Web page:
DJI Avata Pro-View Combo (DJI Goggles 2) - First-Person View Drone UAV Quadcopter with 4K Stabilized Video, Super-Wide 155° FOV, Built-in Propeller Guard, HD Low-Latency Transmission, Black
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The eyepieces include diopter adjustment to set focus to match corrective lenses, along with an adjustable pupillary distance. They do an OK job, but if you're like me and have strong visual astigmatism, you won't ever really see a clear image. Text and menus looked a little bit blurry no matter how much I fiddled with the adjustments. The Goggles 2 include eyepieces with diopter adjustment, but they can be swapped out for prescription lenses if your eyesight is especially poor
One complaint I have about the Motion Controller is the position of the Record button. It's on the left side, essentially under where your thumb rests, and reacts to glancing presses. It's very easy to bump while flying. The FPV goggles show a tally icon during recordings, but it's easy to miss when you're concentrating on flying fast and avoiding crashes. The Avata has a setting to automatically record while it's flying, but even with that on, an accidental tap of the Record button ends recording. DJI should offer an option to disable the Record button altogether to prevent recording interruptions. In bright light, the 4K60 video is clear and colourful, but there’s some noisy grain present in the footage.You can also use the Goggle to change settings and access menus. A touch-sensitive panel, located just ahead of your right temple, supports swipe and tap gestures for navigation. In the menus, you can adjust video settings, set a custom geofence, and access the useful post-crash Turle Mode option, which flips the drone right side up after a crash landing. The through-the-camera view shows a sharp, smooth perspective, with low enough lag to make high-speed flight possible. DJI doesn't specify a latency in milliseconds, but the 1080p/100fps feed feels real-time to me. For the most part, the video feed is clear and sharp, but I did note some garbling and resolution loss when the transmission signal weakened. If you opt for the kit with the older FPV Goggles V2, you're limited to 810p resolution.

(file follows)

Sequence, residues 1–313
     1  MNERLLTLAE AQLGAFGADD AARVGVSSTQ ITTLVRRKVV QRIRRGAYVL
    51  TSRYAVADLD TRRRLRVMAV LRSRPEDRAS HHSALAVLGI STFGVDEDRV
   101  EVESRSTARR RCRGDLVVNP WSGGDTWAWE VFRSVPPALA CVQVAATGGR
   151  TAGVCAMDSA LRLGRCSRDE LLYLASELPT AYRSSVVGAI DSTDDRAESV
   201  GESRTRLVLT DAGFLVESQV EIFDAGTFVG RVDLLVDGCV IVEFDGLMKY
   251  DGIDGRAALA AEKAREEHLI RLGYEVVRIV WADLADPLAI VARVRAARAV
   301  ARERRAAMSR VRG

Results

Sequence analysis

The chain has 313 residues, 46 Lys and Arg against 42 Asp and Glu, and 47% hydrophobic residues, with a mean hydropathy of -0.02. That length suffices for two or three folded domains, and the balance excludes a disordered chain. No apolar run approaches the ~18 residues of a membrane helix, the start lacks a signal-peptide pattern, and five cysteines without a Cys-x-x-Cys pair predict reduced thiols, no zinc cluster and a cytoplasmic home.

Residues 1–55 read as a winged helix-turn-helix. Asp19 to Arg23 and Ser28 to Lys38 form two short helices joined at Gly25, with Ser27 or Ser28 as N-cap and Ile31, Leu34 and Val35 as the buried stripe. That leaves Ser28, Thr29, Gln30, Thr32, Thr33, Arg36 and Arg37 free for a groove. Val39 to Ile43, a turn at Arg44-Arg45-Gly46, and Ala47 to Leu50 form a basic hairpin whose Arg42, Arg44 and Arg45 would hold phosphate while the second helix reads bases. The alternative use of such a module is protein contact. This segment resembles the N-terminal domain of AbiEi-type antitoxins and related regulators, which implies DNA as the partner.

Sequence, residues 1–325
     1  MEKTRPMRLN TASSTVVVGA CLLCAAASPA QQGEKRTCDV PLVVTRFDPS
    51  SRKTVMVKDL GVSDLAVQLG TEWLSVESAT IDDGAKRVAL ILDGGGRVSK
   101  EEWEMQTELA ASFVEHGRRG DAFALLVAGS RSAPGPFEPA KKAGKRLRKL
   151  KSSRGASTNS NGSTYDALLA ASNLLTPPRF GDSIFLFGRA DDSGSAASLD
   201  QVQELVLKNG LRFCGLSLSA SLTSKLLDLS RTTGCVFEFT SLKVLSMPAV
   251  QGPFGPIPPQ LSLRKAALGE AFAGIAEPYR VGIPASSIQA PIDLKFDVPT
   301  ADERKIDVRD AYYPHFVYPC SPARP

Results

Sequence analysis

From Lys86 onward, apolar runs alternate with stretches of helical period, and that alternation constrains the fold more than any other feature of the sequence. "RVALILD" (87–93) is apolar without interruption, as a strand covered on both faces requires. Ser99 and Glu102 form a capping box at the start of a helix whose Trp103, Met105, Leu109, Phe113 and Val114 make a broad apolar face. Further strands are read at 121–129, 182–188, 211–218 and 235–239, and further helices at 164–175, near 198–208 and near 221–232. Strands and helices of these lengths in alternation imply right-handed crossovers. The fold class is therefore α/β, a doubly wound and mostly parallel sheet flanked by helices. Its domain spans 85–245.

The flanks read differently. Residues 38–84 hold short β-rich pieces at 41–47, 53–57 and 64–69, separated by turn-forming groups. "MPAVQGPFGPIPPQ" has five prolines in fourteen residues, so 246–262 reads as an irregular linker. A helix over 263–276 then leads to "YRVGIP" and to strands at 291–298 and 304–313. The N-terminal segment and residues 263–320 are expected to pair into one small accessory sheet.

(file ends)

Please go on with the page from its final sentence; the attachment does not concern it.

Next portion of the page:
The critical issue here is that this type of flying is a major departure from flying camera drones, and not all pilots will instantly enjoy it. If you discover that FPV flying isn’t for you, then this could be a very expensive mistake.The Avata has a useful amount of internal storage, about 20GB, which is enough to hold around 20 minutes of 4K60 footage. The device's single microSD slot supports cards up to 256GB. Both the card slot and USB-C port (for offloading from internal storage) sit within a propeller guard, though, so you need dextrous fingers to get at them. As humans don’t come with consistently-specced eyes, the Goggles 2 allows for both a degree of optical adjustment along with Interpupillary Distance changes. The experience of flying your drone first-person is mind-blowing. You actually feel like an eagle, and the learning curve is non-existent, taking no more than a few minutes to get used to the controls before I was whizzing through the air. Thanks to the Motion Controller we mentioned earlier, it’s also effortless to manoeuvre.